Shame, people power and corruption
In preparation for the World Economic Forum in Davos which I attended last week, I was asked to share some thoughts on transparency and growth. This is my blog post on the subject.
In the 1990s, Uganda suffered from a problem of corruption so severe that, for every 100 dollars the government would disburse to schools across the country, only 20 would reach the destination; 80 dollars would somehow disappear, siphoned along the way. So, the Ministry of Finance decided to try a novel approach: it informed the local media, and placed posters in schools detailing the sums to be released. This time, 90% of the money reached its destination.
There are two main lessons here. One, that the problem was not resolved by a top-down decision to outlaw the practice, but really by informing, thus empowering citizens. And two, that this could have gone unresolved if it weren’t for a courageous senior government official, Emmanuel Tumusiime-Mutebile, who decided to face the problem, risking a political scandal for disclosing corruption, rather than sweeping it under the rug.
Making transparency work for development, particularly in the developing world, will not come from signing such agreements as the United Nations Convention Against Corruption, or the WTO’s Agreement on Government Procurement. It will come from empowering citizens: informing the greater public of its rights and duties and those of the public servants, and disclosing government documents and proceedings to allow for public oversight.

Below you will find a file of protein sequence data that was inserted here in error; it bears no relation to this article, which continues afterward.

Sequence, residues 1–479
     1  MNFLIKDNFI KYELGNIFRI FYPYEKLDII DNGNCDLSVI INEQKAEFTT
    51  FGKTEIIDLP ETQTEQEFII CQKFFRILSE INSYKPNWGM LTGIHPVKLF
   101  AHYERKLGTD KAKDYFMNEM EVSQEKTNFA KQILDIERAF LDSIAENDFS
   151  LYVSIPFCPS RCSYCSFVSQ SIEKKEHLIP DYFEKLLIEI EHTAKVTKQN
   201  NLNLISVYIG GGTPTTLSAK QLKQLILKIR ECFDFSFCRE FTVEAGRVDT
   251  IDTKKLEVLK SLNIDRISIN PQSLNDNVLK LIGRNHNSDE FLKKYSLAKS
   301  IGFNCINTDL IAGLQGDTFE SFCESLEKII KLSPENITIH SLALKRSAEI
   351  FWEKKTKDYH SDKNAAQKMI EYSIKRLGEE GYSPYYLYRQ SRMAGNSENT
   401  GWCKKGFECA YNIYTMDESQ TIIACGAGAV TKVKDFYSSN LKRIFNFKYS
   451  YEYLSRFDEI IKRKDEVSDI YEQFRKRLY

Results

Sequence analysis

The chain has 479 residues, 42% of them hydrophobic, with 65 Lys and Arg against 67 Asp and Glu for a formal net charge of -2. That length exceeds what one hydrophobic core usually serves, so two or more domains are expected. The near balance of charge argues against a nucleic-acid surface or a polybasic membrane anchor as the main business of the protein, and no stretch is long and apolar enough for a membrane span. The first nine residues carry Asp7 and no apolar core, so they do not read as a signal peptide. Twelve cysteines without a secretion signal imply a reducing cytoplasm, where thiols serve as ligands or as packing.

There is a shorthand term for this: Open Government.
Open Government initiatives are not the exclusive domain of developed countries – in fact, some of the most interesting come from the global South. Take the charter of the Tunisian OpenGov initiative, which defines its goal as being to “push for full transparency and citizen participation in the management of public affairs, in order to guarantee the right to a fair, democratic and prosperous society”. It is a citizen initiative that has attracted the support of a number of members of the Constitutional Assembly, and has launched a series of public campaigns and initiatives already changing the public perception vis-à-vis transparency.
Achieving such a vision will allow for a larger popular base, including specialized bodies that will emerge, to better scrutinize the work of the state, praising or criticizing, but ultimately contributing solutions and ideas. It will also allow the government itself to spot its own weak links – which departments are hampering the work of others.
Achieving such a vision, however, will not come easily. Not every country has its Tumusiime-Mutebile, and many civil servants benefit from the opacity of government transactions. Some are trying to legalize this opacity – in my home country, Egypt, for instance, the government has recently forcibly passed a constitution which allows the president to appoint the heads of supervisory and regulatory agencies, thereby undermining their very raison d’être by keeping them beholden to the executive they should supervise.
If we are to support transparency for development around the world, we need to foster an environment in which people understand their role as citizens supervising the government, as well as understand the information they will have access to and learn how to sort it. Only then will we be able to rein in corruption and pressure governments into improving the living conditions of the people – not a small subset thereof.